NICE DRIVEWAY!

Leading from behind

There is nothing wrong with politicians knowing the minds of their countrymen – indeed, few know them better than Mr Fico. But constantly pandering to prejudice is not the mark of a leader.

Prime Minister and head of the Smer party Robert FicoPrime Minister and head of the Smer party Robert Fico (Source: TASR)

IN A referendum on 22 September, the residents of Rohovce went to the polls. All but 13 of the 531 who voted in the town referendum expressed their opposition to a nearby refugee centre.

"We don't want the camp here," said construction worker Alexander, 60, as he sipped a beer in a pub during a lunch break. "There'll be more petty crime, thefts and so on, and when they start mixing with the locals, diseases will spread around, even venereal diseases," he predicted.

The mayor, Dezider Pálffy, concurred: "I'm worried that their [refugees'] presence could raise crime levels, like [illegal] money changing and perhaps even prostitution, and they could also spread various diseases."

Leaving aside the peculiar obsession with STDs, does this sound familiar? As it happens, this story dates back to 2001. But not much has changed.

In August this year, residents of nearby Gabčíkovo voted by a similar margin (2,501 out of 2,603) against a refugee centre being reopened in their village.

But there was one striking difference.

In 2001, the then interior minister, Ivan Šimko – whose government, it is worth noting, was facing an election the following year, as is the present one – told the SITA newswire: "There are simply certain unpopular facilities which every state needs, such as refugee camps."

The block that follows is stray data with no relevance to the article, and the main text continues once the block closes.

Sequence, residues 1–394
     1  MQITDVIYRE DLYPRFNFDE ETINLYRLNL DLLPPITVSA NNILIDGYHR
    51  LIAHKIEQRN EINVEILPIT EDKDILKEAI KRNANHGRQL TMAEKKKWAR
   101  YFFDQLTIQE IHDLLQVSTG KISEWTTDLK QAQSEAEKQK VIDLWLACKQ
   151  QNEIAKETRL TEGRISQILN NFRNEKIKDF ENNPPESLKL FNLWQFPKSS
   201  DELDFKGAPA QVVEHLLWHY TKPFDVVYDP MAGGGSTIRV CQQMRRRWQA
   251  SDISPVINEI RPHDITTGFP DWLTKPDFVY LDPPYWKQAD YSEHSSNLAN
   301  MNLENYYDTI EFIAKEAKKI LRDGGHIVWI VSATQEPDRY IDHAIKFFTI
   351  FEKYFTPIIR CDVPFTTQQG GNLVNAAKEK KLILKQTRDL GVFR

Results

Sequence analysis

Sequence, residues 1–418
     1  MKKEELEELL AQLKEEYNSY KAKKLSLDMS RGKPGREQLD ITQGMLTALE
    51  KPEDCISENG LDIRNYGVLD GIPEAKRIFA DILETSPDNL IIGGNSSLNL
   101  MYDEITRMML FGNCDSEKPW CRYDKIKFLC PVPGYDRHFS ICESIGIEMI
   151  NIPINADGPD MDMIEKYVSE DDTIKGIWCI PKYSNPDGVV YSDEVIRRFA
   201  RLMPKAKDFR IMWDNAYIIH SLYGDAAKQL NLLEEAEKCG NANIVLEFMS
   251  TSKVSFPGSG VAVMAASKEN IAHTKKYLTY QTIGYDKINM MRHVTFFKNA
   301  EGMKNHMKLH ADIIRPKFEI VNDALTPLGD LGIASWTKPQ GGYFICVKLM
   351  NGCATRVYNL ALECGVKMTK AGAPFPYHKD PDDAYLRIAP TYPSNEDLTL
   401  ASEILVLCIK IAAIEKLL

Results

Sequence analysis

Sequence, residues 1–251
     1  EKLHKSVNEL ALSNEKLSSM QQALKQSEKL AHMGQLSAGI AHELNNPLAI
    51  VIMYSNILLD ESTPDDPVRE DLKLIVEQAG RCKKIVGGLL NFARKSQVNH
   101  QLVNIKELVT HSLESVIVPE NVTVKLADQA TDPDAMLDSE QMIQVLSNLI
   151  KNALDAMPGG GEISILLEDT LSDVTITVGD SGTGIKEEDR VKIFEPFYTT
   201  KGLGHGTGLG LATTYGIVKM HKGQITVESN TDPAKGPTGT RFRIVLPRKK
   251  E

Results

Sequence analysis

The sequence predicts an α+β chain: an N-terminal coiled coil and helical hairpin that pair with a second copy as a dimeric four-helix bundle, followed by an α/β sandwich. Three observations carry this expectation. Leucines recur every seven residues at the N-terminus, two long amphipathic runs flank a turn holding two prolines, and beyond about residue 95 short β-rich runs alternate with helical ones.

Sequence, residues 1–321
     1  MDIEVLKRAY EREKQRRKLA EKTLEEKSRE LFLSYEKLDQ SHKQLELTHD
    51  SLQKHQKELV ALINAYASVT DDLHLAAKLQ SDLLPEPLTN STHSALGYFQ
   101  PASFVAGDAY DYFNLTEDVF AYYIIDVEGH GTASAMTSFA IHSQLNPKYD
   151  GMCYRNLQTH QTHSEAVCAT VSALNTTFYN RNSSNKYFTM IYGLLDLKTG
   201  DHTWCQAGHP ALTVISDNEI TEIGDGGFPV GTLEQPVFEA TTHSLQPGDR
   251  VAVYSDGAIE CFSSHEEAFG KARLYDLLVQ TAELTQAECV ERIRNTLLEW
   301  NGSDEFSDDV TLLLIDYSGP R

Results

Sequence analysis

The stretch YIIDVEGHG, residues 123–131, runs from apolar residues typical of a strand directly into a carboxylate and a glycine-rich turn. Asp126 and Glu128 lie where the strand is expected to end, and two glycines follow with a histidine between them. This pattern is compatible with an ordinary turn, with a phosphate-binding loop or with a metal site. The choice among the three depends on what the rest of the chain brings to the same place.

Not any more, apparently.

Speaking shortly after the Gabčíkovo referendum, Prime Minister Robert Fico declared: "We won’t ignore [the outcome]."

His government has spent the summer warning darkly of the risks it claims are associated with mass migration, and his Smer party is now running billboards nationwide declaring 'We Protect Slovakia'. No prizes for guessing from whom.

In a revealing comment reported by TASR on 3 November, Fico used these supposed dangers to dismiss criticism of heavy-handed tactics by the government in Turkey towards the media and opposition there: "When there's a few million migrants on Turkish soil who need to be held there, it's counterproductive to wage sanctimonious human rights discussions."

With the Paris attacks came apparent vindication: "It’s a confirmation of the huge security threats connected to migration," the prime minister said on TA3 on 15 November; "We respect that there’s a migration crisis, but Slovak citizens and their security is of higher priority than the rights of migrants."

The current wave of migration has always involved a security threat, he insisted, before dropping the bombshell: "We monitor every single Muslim in Slovakia." No sanctimony there, then.

A day later he helpfully added, by way of explanation: "The truth is that, apart from [Anders] Breivik in Norway, it's always Muslims who are behind terror attacks," TASR reported.

Now there is nothing wrong with politicians knowing the minds of their countrymen – indeed, few know them better than Mr Fico. But constantly pandering to prejudice is not the mark of a leader.

The often unpopular decisions of the government in 2001 helped recover Slovakia's tarnished international reputation and got the country into the EU. Mr Fico may well win re-election next year. But what will his legacy be?

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